Shelter in Place by Nora Roberts Read Online (FREE)
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No acquisitions of guilt can compensate the loss of that solid inward comfort of mind, which is the sure companion of innocence and virtue; nor can in the least balance the evil of that horror and anxiety which, in their room, guilt introduces into our bosoms. —Henry Fielding
On Friday, July 22, 2005, Simone Knox ordered a large Fanta—orange—to go with her popcorn and Swedish Fish. The choice, her standard night-at-the-movies fare, changed her life, and very likely saved it. Still, she’d never drink Fanta again.
But at that moment she only wanted to settle down in the theater with her two best friends forEVER and lose herself in the dark.
Because her life—currently and absolutely for the rest of the summer, and maybe for all time—sucked beyond infinity.
The boy she loved, the boy she’d dated exclusively for seven months, two weeks, and four days, the boy she’d imagined cruising through her upcoming senior year with—hand in hand, heart to heart—had dumped her.
In a text.
done wasting time cuz i got 2 b with somebody ready to b all the way with me and thats not u so we r done c u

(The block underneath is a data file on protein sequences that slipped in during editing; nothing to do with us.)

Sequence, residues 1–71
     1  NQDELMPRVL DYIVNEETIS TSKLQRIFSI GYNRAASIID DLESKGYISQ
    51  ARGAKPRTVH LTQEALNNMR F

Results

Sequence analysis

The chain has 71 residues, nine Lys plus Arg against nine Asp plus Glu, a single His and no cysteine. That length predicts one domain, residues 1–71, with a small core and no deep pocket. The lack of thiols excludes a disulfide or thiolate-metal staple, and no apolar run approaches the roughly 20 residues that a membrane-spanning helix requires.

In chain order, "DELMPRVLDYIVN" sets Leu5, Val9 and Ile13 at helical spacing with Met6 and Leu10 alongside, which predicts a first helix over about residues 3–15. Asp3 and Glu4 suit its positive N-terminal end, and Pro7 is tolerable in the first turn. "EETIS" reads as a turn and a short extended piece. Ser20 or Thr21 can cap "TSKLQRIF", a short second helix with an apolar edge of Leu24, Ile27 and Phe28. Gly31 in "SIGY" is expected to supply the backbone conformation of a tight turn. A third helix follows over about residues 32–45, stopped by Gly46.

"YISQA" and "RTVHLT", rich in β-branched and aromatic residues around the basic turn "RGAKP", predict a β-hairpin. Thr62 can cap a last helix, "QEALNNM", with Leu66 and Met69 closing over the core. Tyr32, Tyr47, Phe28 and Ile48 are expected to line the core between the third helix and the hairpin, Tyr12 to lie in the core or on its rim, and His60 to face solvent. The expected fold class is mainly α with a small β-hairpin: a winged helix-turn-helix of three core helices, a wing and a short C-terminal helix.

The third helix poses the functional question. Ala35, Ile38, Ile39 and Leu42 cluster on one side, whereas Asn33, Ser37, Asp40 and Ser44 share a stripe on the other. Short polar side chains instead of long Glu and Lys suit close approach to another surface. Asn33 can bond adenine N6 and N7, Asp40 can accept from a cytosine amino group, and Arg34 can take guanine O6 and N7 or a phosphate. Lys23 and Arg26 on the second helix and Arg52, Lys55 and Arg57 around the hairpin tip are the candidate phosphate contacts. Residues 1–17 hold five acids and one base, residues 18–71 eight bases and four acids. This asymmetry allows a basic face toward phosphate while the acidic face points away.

Certain he couldn’t have meant it, she’d tried to call him—but he didn’t answer. She’d texted three times, humiliating herself.
Then she’d gone to his MySpace page. Humiliation was too weak a word for what she suffered.
Traded in the old DEFECTIVE model for a hot new one.
Shook off a LOSER and I’ll be rolling through the summer and into senior year with the hottest girl in the class of 2006.
His post—with pictures—had already generated comments. She might’ve been smart enough to know he’d ordered his friends to say mean, ugly things about her, but that didn’t lessen the sting or the embarrassment.
She grieved for days. She wallowed in the comfort and righteous anger of her two closest friends. She raged at her younger sister’s taunts, dragged herself to her summer job and the weekly tennis lessons at the club that her mother insisted on.
A text from her grandmother made her sniffle. CiCi might be meditating with the Dalai Lama in Tibet, rocking it out with the Stones in London, or painting in her studio on Tranquility Island, but she had a way of finding out anything and everything.
It hurts now, and the pain’s real, so hugs, my treasure. But give it a few weeks, and you’ll realize he’s just another asshole. Kick butt and namaste.
Simone didn’t think Trent was an asshole (though both Tish and Mi agreed with CiCi). Maybe he’d tossed her aside—and in a really mean way—just because she wouldn’t do it with him. She just wasn’t ready to do it. Besides, Tish had done it with her ex-boyfriend after the junior prom—and twice more—and he’d dumped her anyway.